In a statement of support for the #GirlsAre campain, vice chair of the Clinton Foundation and board member of the Alliance for a Healthier Generation Chelsea Clinton said, “Data shows that across the United States, less than 50 percent of middle school girls get the recommended amount of physical activity each day. Why does this matter? This gap in physical activity results in fewer opportunities for girls to develop critical teamwork, confidence, and leadership skills that will help them thrive throughout their lives – as well as to be physically healthy.”

Bringing together more than 40 media partners, nonprofit organizations, and influential voices, the #GirlsAre campaign will run from May 15 to June 4, coinciding with National Physical Fitness and Sports Month in May. Join the movement on Facebook and Twitter!

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learn more about: Health and Wellness
MAY
11
2017

IN THE FIELD
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Apply to be a National Afterschool Matters Fellow

By Leah Silverberg

If you’re a committed mid-career out-of-school time professional who’s looking for your next professional development opportunity, the National Afterschool Matters (NASM) Fellowship could be right for you.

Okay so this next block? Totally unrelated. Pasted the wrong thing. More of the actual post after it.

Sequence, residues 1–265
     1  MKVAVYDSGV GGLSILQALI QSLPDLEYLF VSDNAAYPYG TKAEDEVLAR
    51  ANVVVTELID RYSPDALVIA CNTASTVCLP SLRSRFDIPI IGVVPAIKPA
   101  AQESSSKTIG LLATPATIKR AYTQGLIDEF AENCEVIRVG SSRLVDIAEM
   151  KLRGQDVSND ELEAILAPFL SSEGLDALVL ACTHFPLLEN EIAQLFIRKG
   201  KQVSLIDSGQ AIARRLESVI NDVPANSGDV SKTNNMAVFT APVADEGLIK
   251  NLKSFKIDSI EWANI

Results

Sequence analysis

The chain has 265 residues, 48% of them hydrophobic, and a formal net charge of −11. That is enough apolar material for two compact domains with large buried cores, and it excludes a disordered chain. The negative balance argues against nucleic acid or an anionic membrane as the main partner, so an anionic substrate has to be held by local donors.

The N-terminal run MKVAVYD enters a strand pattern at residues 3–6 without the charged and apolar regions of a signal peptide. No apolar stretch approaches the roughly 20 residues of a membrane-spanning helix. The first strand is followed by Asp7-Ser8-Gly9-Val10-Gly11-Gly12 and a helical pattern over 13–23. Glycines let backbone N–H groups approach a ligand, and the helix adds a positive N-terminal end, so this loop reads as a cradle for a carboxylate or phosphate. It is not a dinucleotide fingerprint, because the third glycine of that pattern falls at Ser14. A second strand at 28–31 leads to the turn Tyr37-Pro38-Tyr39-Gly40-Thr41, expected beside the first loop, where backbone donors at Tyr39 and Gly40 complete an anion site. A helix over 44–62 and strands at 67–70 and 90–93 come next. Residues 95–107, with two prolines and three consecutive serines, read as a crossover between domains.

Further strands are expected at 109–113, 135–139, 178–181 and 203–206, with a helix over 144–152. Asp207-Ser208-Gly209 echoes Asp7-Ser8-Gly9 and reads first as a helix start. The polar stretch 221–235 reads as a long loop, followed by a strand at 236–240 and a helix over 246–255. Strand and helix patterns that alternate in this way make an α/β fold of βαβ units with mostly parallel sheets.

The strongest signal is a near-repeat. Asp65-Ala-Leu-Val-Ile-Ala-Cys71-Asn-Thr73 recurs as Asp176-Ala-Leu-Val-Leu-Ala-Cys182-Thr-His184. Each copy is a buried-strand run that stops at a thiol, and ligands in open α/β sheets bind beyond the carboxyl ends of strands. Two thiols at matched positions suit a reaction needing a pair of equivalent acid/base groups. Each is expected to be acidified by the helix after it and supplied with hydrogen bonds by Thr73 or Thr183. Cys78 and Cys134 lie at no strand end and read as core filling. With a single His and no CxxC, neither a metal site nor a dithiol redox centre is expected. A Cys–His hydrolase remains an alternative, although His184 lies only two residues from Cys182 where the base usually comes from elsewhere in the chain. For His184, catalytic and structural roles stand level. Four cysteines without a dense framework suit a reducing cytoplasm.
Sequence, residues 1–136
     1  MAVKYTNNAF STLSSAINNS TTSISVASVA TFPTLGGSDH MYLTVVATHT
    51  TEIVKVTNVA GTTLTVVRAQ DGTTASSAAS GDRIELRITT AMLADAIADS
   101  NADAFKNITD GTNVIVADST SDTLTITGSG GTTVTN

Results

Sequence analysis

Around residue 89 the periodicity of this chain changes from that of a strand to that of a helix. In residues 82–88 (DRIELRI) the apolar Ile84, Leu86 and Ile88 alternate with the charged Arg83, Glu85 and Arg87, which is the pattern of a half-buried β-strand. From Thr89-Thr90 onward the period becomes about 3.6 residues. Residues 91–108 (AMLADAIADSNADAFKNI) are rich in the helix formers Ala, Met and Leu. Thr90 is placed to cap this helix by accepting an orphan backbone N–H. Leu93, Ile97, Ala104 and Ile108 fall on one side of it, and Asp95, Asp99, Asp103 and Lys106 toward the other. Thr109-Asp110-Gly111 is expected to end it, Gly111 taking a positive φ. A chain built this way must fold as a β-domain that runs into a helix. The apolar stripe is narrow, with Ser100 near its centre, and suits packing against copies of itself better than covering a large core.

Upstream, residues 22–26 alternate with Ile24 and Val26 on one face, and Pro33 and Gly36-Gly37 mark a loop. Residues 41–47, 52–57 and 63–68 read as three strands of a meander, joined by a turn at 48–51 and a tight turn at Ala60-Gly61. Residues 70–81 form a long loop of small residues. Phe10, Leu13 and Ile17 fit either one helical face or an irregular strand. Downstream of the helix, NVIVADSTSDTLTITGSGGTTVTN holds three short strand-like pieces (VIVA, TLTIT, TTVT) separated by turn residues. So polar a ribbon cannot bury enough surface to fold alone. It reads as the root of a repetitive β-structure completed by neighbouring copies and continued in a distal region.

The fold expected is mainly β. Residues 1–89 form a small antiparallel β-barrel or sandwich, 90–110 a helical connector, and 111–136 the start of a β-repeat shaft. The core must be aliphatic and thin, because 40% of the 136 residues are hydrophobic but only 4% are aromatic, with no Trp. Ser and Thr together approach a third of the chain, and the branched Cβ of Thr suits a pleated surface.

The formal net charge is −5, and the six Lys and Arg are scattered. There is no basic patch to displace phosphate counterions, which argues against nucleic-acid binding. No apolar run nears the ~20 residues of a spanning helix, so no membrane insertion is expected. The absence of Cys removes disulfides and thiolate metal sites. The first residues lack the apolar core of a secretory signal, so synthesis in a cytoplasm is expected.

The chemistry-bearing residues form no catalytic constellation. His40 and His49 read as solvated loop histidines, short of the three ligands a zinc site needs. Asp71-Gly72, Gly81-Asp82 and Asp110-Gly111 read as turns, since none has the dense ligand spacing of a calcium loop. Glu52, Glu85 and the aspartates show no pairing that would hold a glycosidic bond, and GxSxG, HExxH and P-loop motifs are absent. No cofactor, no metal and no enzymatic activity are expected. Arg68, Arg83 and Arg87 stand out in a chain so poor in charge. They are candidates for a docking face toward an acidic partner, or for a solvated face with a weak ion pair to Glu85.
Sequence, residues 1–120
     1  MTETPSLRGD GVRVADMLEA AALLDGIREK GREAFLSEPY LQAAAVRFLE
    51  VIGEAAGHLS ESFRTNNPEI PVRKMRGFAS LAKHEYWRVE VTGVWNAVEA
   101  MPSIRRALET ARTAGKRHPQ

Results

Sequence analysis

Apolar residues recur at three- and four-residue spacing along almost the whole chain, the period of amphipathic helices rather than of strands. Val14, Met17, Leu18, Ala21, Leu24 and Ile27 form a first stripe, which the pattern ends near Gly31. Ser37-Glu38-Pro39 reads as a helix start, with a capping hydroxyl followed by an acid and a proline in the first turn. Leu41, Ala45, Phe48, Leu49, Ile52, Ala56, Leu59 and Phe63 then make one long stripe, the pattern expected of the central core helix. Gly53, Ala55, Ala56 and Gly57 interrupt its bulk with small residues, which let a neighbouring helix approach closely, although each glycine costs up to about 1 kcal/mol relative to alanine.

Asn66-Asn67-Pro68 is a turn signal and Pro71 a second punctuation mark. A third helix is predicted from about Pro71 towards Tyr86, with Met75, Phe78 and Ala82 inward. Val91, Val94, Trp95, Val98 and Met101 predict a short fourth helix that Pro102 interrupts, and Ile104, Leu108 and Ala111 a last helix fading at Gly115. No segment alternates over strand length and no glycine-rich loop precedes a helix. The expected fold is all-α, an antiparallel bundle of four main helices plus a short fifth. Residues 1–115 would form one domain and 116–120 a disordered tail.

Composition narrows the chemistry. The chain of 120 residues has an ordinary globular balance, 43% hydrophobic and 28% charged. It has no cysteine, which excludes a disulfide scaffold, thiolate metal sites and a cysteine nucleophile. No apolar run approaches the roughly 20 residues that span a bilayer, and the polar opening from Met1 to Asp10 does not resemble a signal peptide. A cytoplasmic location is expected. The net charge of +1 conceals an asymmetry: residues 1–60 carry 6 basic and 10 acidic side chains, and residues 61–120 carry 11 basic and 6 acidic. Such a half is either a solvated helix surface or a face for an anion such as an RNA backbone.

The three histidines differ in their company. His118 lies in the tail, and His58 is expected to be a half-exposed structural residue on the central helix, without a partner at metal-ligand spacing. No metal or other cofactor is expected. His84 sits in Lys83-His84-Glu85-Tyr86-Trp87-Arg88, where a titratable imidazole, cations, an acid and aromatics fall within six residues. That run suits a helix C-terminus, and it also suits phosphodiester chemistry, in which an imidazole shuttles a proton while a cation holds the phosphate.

The NASM Fellowship is a two-year professional and leadership development training program. Through a partnership with the National Institute on Out-of-School Time (NIOST) at the Wellesley Centers for Women at Wellesley College, The National Writing Project, and funding from the Robert Bowne Foundation, the Fellowship offers a space where you can learn to “reflect on, study, improve, and assess your work” to generate an even greater impact.

Fellows will participate in hands-on inquiry-based research, learning, and writing under the guidance of experienced mentors; receive leadership development training; participate in a study of community of out-of-school-time professionals; and participate in two retreats at Wellesley College, let by NIOST and NWP. Participants receive a participation stipend for the two-year fellowship and travel stipends to attend the retreats.